Over the last several months, the US jobs report has indicated that private (i.e. non-government) hiring has turned positive, but remains at a low rate. Private payrolls increased by only 83,000 last month, which is rather insignificant in comparison to the fifteen million people classified as unemployed. However, what these headline numbers fail to expose is that a number of US corporations wish to hire, but cannot find workers with the sufficient skills.
To see this, consider the current unemployment rate for the following groups, separated by their educational attainment levels:
Note that the overall unemployment rate in 2007, when the American economy was booming, was 4.6%, which is higher than the current unemployment rate of 4.4% for those with Bachelor's degrees. This data suggests (although it does not prove) that there is a shortage of educated workers in the US.
I say the data does not prove a shortage because some may argue that the educated workers are just better equipped to take the limited jobs that are out there, and so there is no shortage at all. That conclusion is not borne out by the data, however. If the educated were simply taking jobs away from the uneducated, one would not expect to see the gap between the salaries of the educated and the uneducated continue to grow - but it has. Moreover, the average salary offered to current university graduates is around $48,000/year, which is well above median salary of the average worker with many years of experience.
Now consider the situation from the perspective of America's most innovative companies. The following companies generated returns on investment of over 15% over the last year:
- Abbot Laboratories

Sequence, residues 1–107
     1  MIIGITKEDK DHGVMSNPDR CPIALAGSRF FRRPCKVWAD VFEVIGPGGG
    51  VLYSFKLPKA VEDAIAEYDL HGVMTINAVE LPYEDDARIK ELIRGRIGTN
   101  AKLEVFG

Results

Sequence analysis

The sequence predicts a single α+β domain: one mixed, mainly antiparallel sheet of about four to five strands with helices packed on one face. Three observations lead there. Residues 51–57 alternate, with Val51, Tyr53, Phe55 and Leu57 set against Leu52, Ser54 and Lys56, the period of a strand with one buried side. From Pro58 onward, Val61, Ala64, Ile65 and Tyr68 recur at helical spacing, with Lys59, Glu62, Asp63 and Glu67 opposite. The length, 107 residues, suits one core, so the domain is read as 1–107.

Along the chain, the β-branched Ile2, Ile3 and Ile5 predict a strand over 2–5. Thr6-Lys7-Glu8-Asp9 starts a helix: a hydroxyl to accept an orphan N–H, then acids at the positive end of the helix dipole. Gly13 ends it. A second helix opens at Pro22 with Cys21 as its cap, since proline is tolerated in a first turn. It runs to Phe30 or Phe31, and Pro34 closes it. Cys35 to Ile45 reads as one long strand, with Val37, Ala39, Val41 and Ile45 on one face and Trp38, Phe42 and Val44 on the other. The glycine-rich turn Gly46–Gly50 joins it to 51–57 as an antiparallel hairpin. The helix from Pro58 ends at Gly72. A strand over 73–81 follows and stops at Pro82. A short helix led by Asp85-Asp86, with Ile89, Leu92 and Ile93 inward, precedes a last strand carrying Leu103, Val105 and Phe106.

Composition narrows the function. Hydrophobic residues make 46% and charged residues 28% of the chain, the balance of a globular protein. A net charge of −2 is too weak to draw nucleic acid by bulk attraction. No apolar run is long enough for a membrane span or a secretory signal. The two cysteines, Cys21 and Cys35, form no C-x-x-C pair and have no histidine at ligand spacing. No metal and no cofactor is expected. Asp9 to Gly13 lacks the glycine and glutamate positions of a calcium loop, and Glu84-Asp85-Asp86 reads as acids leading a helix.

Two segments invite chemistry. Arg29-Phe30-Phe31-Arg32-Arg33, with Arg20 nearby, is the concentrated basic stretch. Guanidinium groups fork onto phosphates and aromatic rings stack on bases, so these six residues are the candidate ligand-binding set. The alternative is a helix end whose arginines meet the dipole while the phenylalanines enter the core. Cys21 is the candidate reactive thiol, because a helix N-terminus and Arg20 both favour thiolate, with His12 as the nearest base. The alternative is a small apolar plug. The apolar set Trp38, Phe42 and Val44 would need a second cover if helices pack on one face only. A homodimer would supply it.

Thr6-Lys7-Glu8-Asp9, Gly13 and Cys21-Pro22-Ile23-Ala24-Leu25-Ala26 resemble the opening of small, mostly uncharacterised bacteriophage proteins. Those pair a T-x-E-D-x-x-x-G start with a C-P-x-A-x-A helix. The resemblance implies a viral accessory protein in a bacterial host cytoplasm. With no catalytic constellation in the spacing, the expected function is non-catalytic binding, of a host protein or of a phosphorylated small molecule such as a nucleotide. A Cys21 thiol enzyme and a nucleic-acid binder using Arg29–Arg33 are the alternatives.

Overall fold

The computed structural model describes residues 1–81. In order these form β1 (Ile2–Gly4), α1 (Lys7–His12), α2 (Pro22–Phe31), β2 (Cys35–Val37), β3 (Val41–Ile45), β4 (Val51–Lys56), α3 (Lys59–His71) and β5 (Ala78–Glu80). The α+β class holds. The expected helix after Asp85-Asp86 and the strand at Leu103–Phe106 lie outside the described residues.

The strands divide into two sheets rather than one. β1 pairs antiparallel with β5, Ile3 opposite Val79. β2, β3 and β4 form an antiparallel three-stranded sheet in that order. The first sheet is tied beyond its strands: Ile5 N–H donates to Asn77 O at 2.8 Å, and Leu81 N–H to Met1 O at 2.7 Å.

- Bristol Myers Squibb
- Eli Lilly
- Gilead Sciences
- Johnson & Johnson
These companies are able to make products/services that the world desires, even during a recession. Because they are at the cutting-edge of their fields, they are able to provide value to their customers while at the same time generating hefty profit margins and investment returns. To continue to innovate and drive these returns, these and the plethora of other companies looking to grow to this size need educated workers, and they are willing to pay for them, as evidenced by their higher salaries and lower unemployment rates.
To improve America's prosperity, the emphasis should be on increasing its number of educated workers, as there is a shortage. On the other hand, there is an oversupply of uneducated workers, not only in America but around the world. As a result, developing countries will continue to steal market share in the production of the lowest-priced goods. America's advantage is in its ability to innovate and contribute to the creation of the world's highest-priced goods, however, from PC chips to OS software to smartphone designs to web software to jet technology to medical/pharmaceutical research. To continue to supply the world with the most advanced products in the world, America's companies are starved for workers with the ability to contribute. Measures that increase the number of educated workers are needed immediately, and can help shield the country from future economic hardship.